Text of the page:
Former Electronic Arts CEO John Riccitiello, the man who helped build one of the biggest video game companies in the world, has stepped forward to say that video games are simply too expensive.
During a speech at the Gaming Insiders Summit, Riccitiello claimed that console games need to come up with a more variable pricing plan, similar to mobile games, simply because “$60 is a giant FU to a very large number of people.”
“There’s not been a console game with even half as many installs as Clash of Clans. Puzzle & Dragons has got more installs than any console game in history. Getting a larger audience through variable pricing is a really useful thing.”
Riccitiello is correct that free-to-play has taken off on the mobile market, but what’s holding back the console effort is not so much that great games can’t be made with the free-to-play model. This biggest problem is great games aren’t being made with the free-to-play model.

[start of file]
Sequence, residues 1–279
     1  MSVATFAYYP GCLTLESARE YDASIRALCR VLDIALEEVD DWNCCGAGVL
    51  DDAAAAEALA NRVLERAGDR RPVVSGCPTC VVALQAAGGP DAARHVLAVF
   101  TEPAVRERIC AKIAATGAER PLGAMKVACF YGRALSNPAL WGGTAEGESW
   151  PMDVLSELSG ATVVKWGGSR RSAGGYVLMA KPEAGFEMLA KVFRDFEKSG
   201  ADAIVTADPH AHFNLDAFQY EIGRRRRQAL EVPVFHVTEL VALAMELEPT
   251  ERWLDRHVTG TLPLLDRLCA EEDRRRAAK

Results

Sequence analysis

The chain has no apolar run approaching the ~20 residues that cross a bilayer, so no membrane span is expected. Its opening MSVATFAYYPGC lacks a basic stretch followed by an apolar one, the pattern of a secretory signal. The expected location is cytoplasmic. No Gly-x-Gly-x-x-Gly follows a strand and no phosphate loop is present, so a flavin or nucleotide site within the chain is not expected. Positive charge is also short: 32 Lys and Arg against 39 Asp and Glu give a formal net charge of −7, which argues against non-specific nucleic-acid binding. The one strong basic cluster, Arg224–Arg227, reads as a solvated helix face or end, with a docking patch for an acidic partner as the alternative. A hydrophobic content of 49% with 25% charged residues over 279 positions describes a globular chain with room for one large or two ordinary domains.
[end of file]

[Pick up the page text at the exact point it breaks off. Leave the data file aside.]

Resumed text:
Traditional console giants have been very slow to introduce free-to-play on consoles, and the only company off the top of my head who is attempting to push the idea forward is Namco. Its four most popular franchises – Tekken, SoulCalibur, Ridge Racer and Ace Combat – all have a free-to-play either out or due in the coming months, each of them bringing top quality entertainment to the console space.
The only thing free-to-play needs to take off on the console scene is a solid hit, and the others will fall in line. Crytek is trying something big with Warface and wants to expand further.
Perhaps free-to-play is not the answer to everyone’s problem, but much like the indie market, its presence could possibly put a dent in the $60 price tag that’s been standard for far too long. I haven’t paid $60 for a video game in nearly a year and have been getting by just fine.
Riccitiello’s speech also focused on the size of video games, which now generate more money than Hollywood and the Super Bowl, and the importance of brand names in the video game industry.
“Gameplay is superior to tech. Yes, you’re going to need to be somewhere near but not necessarily on top of the leading edge of technology. But I would argue that chasing tech for eye candy or going 3D because it’s cool is a recipe for making more expensive games, not better games.”
Riccitiello always has been gamers first. Sounds like he should be calling the shots for a major video game company with sentiments like that. Oh wait, he was.
Do you agree with the man? Is $60 too much for a video game?